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As regular readers know, this is the time of the year that I identify charities that try to help improve children’s literacy and language and to make books available to kids. Readers of my blog obviously care about whether kids can read and why not make that cause part of your charitable gifting as well.

Each year, I comb through Charity Navigator to identify appropriate literacy-focused charitable agencies. I look for national and internationals groups that are rated as 3- and 4-star charities (that means they are spending at least 80% of the contributions on services). 
Please consider any and all of these literacy-oriented charities. They all do terrific work and could use your help at this time of the year.
Books for Africa (opens in a new window). Founded in 1988, Books for Africa (BFA) collects, sorts, ships, and distributes books to children in Africa. Its goal is to end the book famine in Africa. Books donated by publishers, schools, libraries, individuals, and organizations are sorted and packed by volunteers who carefully choose books that are age and subject appropriate. They send good books, enough books for a whole class to use. Since 1988, Books for Africa has shipped more than 27 million books to 48 African countries. These books are on once-empty library shelves, in classrooms in rural schools, and in the hands of children who have never before held a book. Each book will be read over and over again. When the books arrive, they go to those who need them most: children who are hungry to read, hungry to learn, hungry to explore the world in ways that only books make possible.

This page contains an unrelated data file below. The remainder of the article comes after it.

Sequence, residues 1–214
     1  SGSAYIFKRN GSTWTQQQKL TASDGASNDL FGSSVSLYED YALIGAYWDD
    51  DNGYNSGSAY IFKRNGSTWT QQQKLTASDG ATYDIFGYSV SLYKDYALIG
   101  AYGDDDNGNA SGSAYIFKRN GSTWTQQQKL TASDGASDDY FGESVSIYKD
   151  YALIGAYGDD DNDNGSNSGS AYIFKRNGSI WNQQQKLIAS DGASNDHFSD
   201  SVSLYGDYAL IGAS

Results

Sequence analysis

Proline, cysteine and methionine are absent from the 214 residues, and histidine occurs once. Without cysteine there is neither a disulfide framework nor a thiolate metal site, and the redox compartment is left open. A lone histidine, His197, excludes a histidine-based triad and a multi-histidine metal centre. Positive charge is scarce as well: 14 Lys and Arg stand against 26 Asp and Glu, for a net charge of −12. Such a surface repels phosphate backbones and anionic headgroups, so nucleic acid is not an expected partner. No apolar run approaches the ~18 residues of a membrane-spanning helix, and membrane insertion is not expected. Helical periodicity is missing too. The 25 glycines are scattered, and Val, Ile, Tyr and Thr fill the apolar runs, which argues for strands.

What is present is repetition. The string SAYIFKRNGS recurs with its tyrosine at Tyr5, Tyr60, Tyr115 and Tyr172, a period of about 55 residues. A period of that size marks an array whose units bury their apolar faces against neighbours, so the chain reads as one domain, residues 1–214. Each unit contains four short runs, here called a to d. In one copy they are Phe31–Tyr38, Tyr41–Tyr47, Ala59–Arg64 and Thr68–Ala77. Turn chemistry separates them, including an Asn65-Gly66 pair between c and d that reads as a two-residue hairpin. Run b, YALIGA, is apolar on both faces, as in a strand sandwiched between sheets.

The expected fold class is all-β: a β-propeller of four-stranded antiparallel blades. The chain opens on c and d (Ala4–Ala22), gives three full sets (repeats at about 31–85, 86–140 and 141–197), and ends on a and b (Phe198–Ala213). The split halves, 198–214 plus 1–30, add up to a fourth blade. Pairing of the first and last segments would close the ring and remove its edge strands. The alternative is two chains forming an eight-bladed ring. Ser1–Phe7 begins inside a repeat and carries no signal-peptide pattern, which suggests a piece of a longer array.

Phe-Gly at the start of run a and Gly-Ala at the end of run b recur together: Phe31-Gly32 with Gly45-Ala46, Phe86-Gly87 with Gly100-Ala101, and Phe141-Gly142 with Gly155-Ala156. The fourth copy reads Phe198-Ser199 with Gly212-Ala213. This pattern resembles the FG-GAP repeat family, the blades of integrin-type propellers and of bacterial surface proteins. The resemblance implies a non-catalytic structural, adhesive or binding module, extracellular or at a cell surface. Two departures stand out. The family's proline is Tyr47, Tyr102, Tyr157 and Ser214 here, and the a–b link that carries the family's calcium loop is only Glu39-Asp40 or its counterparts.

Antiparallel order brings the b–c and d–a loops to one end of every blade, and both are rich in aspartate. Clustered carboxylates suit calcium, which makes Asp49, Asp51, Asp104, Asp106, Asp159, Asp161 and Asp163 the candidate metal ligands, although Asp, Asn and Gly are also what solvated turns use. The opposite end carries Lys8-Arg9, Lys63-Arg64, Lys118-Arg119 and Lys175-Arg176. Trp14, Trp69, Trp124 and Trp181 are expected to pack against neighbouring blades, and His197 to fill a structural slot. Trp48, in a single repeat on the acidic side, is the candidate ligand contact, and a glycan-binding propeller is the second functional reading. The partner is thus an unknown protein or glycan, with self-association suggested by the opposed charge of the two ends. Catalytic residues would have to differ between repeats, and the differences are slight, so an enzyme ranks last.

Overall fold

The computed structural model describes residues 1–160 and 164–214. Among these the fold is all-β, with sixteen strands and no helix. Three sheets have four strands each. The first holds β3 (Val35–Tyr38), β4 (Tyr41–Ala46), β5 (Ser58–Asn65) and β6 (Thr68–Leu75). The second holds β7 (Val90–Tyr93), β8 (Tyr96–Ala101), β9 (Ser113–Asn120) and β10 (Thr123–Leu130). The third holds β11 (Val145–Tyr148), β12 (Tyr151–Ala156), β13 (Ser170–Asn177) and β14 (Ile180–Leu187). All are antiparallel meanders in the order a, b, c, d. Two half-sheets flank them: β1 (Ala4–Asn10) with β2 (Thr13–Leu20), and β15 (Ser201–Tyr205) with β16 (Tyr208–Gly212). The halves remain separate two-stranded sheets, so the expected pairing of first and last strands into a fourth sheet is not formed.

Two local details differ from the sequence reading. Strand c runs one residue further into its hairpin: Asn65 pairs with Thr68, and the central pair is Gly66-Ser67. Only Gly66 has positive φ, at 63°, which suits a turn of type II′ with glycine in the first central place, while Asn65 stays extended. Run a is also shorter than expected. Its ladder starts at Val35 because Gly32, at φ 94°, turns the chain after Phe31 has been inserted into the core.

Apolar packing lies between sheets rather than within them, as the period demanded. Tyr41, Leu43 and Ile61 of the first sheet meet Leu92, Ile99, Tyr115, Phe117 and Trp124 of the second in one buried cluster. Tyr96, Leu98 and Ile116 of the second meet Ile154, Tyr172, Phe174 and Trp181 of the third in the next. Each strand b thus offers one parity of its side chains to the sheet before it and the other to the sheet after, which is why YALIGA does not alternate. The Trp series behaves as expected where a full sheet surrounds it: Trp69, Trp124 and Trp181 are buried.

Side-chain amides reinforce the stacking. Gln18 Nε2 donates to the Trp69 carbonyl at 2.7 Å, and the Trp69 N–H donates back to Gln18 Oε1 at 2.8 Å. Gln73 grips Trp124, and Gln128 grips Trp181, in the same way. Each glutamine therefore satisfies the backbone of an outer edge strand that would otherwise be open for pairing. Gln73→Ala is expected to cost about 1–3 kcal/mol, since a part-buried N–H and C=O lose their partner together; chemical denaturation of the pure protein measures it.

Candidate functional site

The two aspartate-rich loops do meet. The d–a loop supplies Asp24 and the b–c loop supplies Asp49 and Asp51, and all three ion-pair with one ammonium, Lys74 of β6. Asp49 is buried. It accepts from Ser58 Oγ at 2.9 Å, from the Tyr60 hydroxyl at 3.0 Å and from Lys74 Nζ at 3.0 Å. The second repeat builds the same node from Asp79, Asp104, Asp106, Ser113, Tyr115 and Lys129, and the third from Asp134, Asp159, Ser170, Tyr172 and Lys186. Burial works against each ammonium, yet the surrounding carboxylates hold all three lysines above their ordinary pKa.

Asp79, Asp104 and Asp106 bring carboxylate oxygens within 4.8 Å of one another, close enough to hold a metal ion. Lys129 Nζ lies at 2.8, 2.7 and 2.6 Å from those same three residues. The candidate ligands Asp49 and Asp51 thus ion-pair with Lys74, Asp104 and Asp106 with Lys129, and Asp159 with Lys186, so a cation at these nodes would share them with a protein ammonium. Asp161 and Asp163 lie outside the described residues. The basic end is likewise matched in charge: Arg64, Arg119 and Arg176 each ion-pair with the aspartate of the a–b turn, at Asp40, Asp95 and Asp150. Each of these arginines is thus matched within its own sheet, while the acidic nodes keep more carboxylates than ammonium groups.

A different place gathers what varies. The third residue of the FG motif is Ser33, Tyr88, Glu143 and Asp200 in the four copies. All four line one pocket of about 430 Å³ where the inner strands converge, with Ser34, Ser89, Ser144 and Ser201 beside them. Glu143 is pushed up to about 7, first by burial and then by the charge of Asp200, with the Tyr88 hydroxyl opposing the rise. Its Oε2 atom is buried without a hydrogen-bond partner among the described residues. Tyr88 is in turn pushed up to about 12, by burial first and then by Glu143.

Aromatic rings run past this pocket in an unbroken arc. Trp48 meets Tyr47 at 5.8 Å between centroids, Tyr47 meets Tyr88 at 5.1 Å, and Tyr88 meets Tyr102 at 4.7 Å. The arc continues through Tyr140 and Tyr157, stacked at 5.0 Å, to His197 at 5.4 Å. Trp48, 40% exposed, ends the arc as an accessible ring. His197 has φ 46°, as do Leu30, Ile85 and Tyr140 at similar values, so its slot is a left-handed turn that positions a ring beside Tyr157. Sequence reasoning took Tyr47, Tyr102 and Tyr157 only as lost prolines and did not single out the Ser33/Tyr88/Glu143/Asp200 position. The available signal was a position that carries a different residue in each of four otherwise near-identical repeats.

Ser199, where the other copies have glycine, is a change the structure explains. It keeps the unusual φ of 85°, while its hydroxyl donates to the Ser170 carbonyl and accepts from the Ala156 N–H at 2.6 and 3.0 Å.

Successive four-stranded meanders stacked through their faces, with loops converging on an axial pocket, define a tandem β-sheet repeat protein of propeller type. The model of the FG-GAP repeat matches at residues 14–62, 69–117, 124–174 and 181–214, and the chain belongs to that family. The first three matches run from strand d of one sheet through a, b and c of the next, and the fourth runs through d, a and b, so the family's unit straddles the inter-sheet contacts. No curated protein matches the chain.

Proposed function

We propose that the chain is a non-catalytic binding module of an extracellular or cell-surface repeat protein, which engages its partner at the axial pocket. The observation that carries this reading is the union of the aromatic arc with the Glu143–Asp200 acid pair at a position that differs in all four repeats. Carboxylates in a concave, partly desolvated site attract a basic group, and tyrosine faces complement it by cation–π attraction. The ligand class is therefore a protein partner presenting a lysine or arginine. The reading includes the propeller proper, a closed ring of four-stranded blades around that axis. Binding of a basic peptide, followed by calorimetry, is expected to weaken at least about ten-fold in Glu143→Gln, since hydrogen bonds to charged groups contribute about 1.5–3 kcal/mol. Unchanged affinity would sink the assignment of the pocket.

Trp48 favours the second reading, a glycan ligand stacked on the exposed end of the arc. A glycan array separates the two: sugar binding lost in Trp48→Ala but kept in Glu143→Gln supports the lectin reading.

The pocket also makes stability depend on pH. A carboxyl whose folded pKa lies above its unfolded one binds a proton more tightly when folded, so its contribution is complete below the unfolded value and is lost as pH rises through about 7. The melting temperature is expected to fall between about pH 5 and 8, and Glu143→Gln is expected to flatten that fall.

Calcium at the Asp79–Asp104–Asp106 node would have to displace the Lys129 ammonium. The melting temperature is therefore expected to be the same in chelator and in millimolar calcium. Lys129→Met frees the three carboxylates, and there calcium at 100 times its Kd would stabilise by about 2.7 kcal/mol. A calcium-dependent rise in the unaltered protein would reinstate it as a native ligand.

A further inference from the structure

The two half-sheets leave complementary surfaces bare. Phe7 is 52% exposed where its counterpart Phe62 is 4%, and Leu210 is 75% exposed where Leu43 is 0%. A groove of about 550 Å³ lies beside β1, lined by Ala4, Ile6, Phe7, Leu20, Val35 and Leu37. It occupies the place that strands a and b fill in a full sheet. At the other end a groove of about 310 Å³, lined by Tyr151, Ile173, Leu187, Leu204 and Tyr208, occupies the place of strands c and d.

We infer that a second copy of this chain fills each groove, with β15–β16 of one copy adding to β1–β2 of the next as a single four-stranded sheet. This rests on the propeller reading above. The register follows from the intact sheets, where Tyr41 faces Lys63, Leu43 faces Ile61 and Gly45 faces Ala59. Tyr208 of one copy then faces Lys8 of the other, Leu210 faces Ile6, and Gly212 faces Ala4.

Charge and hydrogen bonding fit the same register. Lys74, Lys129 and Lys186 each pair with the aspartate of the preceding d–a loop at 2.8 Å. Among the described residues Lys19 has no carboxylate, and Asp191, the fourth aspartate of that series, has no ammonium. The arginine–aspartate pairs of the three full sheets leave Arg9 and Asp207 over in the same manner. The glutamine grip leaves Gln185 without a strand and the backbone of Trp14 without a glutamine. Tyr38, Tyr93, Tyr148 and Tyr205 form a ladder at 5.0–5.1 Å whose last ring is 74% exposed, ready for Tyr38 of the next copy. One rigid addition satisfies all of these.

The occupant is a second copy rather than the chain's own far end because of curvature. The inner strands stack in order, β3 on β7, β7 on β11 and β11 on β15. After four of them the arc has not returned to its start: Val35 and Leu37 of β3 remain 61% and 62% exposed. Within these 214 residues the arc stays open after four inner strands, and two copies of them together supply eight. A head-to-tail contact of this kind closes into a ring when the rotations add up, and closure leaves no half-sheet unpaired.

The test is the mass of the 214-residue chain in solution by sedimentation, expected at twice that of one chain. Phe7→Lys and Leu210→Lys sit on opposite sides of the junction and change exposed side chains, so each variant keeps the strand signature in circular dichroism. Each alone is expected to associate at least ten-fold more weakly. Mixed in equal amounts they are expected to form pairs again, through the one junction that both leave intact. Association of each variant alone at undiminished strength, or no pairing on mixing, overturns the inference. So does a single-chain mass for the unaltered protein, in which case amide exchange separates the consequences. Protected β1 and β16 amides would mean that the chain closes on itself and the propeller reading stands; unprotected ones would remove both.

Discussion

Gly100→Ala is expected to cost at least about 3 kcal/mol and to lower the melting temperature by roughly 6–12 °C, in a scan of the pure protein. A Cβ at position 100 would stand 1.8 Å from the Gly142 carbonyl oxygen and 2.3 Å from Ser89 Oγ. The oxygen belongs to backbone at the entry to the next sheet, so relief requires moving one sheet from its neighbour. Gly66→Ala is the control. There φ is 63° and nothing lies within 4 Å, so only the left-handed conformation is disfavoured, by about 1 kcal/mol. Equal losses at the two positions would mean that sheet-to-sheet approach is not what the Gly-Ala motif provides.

Children’s Literacy Initiative (CLI) (opens in a new window), founded in 1988, works with teachers to transform instruction so that all children can become powerful readers and writers. CLI’s goal is to close the gap in literacy achievement between disadvantaged children and their more affluent peers. CLI offers professional development for pre-kindergarten through third grade teachers across the country. They provide coaching and seminars, lesson plans, a prekindergarten curriculum, and collections of high-quality children’s literature. Their programs promote research-based methods for teaching reading and writing. CLI is involved in large projects in the public school systems of Philadelphia, Newark (NJ), Camden, Baltimore, and Boston.
First Book (opens in a new window). First Book has distributed more than 100 million books and educational resources to programs and schools serving children from low-income families throughout the United States and Canada. By making new, high-quality books available on an ongoing basis, First Book is transforming the lives of children in need and the elevating the quality of education.
Jumpstart. (opens in a new window) Jumpstart is a national early education organization working toward the day every child in America enters school prepared to succeed. Jumpstart delivers a research-based and cost-effective program by training college students and community volunteers to serve preschool-age children in low-income neighborhoods. Through a proven curriculum, these children develop the language and literacy skills they need to be ready for school, setting them on a path for lifelong success. Jumpstart is a proud member of the AmeriCorps national service network.